CBO: Everyone’s taxes will go up quietly
By: Brian Faler
July 16, 2014 11:16 AM EDT
The value of the mortgage interest deduction will be cut by nearly half.
Many more will owe taxes on their Social Security benefits. And Obamacare taxes aimed at the well-to-do will begin hitting a lot more taxpayers.
Even if Congress does nothing, rising incomes, inflation and other factors will quietly push up taxes over the next 25 years well beyond historical averages, the Congressional Budget Office reported on Tuesday.
The increases will hit everyone, though low-income Americans will be hit particularly hard as rising wages make many ineligible for the anti-poverty Earned Income Tax Credit.
“Even if no changes in tax law were enacted in the future, the effects of the tax system that would be in place would differ in significant ways from the effects of the tax system today,” the agency said in a report examining the government’s long-term budget outlook. “People throughout the income distribution would pay a larger share of their income in taxes” and “many taxpayers would face diminished incentives to work and save.”
A family of four earning half the median income in 2039 — about $73,200 by CBO’s calculation, which includes the value of tax benefits like health insurance through work - would pay 10 percent of their earnings in individual and payroll taxes, up from the current negative one percent.
Likewise, those at the top of the income spectrum will also see their taxes rise. A family of four earning four times the median income in 2039 — $585,600 — would pay 31 percent of their income in taxes, compared with today’s 28 percent.
Tax receipts in 2039 will total 19.4 percent of the nation’s gross domestic product, a level rarely seen since the last half century and easily topping the 17.4 percent average seen over the last 40 years.
The growing tax bite will come even as government debt approaches levels unseen since the wake of World War II, CBO said, thanks to rising health care costs, the aging of the population and increased interest payments on the debt. So lawmakers may have a hard time undoing the tax increases because that would worsen the government’s budget deficit.
What’s more, the increases will come slowly, without all the fireworks of a major tax hike making its way through the Capitol. CBO sees more subtle factors at work, including rising incomes.
Much of the tax code is not indexed for income growth, which means as people’s earnings rise, they get pushed into higher tax brackets while simultaneously losing certain tax breaks. Income growth will push many out of the child tax credit, as well as the Earned Income Tax Credit, CBO said. By 2039, the proportion of taxpayers claiming the EITC will fall to 13 percent from 16 percent, the report said.
Other parts of the code are not indexed for inflation, including elements of Obamacare.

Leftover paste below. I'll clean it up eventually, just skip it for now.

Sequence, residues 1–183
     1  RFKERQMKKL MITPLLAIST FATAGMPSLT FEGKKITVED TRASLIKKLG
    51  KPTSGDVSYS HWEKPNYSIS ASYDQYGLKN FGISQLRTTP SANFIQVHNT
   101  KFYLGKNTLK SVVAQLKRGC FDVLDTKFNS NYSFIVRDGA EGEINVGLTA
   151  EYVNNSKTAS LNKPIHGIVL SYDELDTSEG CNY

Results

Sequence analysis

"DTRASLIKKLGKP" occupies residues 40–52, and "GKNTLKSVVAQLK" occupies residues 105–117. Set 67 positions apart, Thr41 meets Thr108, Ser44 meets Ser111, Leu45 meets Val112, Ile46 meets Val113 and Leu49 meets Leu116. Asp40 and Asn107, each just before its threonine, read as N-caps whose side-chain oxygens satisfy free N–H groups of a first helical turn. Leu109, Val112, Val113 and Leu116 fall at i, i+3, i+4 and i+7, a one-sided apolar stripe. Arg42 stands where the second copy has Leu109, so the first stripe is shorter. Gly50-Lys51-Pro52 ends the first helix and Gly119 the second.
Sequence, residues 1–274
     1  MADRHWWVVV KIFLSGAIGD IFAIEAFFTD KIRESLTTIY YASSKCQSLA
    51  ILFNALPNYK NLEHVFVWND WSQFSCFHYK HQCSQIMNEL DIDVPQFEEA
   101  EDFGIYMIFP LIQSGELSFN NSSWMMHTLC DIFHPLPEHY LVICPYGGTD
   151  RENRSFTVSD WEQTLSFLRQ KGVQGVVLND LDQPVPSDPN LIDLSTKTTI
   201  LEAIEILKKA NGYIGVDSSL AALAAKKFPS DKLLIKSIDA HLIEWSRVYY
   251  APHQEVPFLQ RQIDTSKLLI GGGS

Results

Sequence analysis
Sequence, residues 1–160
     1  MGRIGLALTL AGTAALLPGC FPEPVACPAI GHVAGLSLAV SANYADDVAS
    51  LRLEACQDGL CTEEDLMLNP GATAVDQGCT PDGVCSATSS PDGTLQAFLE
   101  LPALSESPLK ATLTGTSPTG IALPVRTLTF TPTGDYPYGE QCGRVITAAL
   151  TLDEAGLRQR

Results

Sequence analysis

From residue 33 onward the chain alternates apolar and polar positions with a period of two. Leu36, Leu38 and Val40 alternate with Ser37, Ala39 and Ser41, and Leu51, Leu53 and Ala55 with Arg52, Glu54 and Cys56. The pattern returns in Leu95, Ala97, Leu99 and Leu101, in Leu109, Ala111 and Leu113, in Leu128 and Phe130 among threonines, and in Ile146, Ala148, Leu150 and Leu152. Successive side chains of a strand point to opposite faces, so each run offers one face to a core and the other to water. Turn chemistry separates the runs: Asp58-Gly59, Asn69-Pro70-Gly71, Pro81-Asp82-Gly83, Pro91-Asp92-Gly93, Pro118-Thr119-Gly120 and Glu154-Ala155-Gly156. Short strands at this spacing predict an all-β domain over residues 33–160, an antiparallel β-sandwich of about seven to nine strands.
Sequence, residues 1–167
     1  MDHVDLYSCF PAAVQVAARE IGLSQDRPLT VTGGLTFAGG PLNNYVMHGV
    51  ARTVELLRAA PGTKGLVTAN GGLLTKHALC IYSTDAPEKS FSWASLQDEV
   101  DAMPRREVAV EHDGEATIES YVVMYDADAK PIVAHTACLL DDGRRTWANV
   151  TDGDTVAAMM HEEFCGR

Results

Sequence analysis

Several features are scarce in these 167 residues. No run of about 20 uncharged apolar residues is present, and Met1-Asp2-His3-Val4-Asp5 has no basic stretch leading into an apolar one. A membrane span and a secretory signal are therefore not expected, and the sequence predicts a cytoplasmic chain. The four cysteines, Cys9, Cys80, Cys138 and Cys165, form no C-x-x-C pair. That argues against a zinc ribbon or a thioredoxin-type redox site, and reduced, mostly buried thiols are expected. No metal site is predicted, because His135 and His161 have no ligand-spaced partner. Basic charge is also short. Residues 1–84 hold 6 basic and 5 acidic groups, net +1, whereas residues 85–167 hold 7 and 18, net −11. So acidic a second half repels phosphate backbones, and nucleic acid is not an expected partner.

The health care law is financed in part by a 3.8 percent “net investment tax” on the capital gains, dividends, interest and other investments claimed by couples earning more than $250,000. Lawmakers did not index those particular provisions for inflation so more people will gradually become subject to them, because of increasing incomes as well as rising prices.
The Affordable Care Act also imposed a 40 percent excise tax on gold-plated insurance policies scheduled to take effect in 2018. That tax is linked to changes in overall consumer prices, though CBO projects health care costs will grow faster than that over the long term.
And even if people switch to lower-cost coverage to avoid that tax, they’ll still get hit with other levies. That’s because CBO says their total compensation is unlikely to change — they’ll simply receive more of their pay in the form of wages rather than health care benefits, which means they’ll pay higher income and payroll taxes.
“Whether policyholders decided to pay the excise tax or to avoid it by switching to lower-cost plans, total tax revenues would ultimately rise,” the report said.
Other popular tax breaks will decline in value because Congress never linked them to inflation. The hugely popular mortgage interest deduction, currently capped at interest taken on $1.1 million in mortgage and home equity debt, will be worth less than $600,000 in 2039 when measured in today’s dollars, according to CBO.
Meanwhile, the portion of Social Security benefits subject to taxation will grow to 50 percent from the current 30 percent, CBO said. That’s because the threshold at which those taxes kick in was never indexed for inflation.
Even tax provisions pegged to inflation will decline in value over time. The $3,950 personal exemption will grow by 80 percent between now and 2039, CBO projects. But its value will nevertheless fall by more than 30 percent because incomes will grow even faster.
At the same time, the very same demographic trend that’s projected to push up Medicare and Social Security costs — the retirement of the Baby Boom generation — will also increase tax receipts as those born between 1946 and 1964 begin emptying out tax-deferred retirement accounts and collecting pensions.
The increases in revenues won’t keep anywhere near the pace of projected government spending, so CBO still sees debt growing rapidly over the next quarter century.
“Budget deficits are projected to rise steadily and, by 2039, to push federal debt held by the public up to a percentage of GDP seen only once before in U.S. history (just after World War II),” the report said.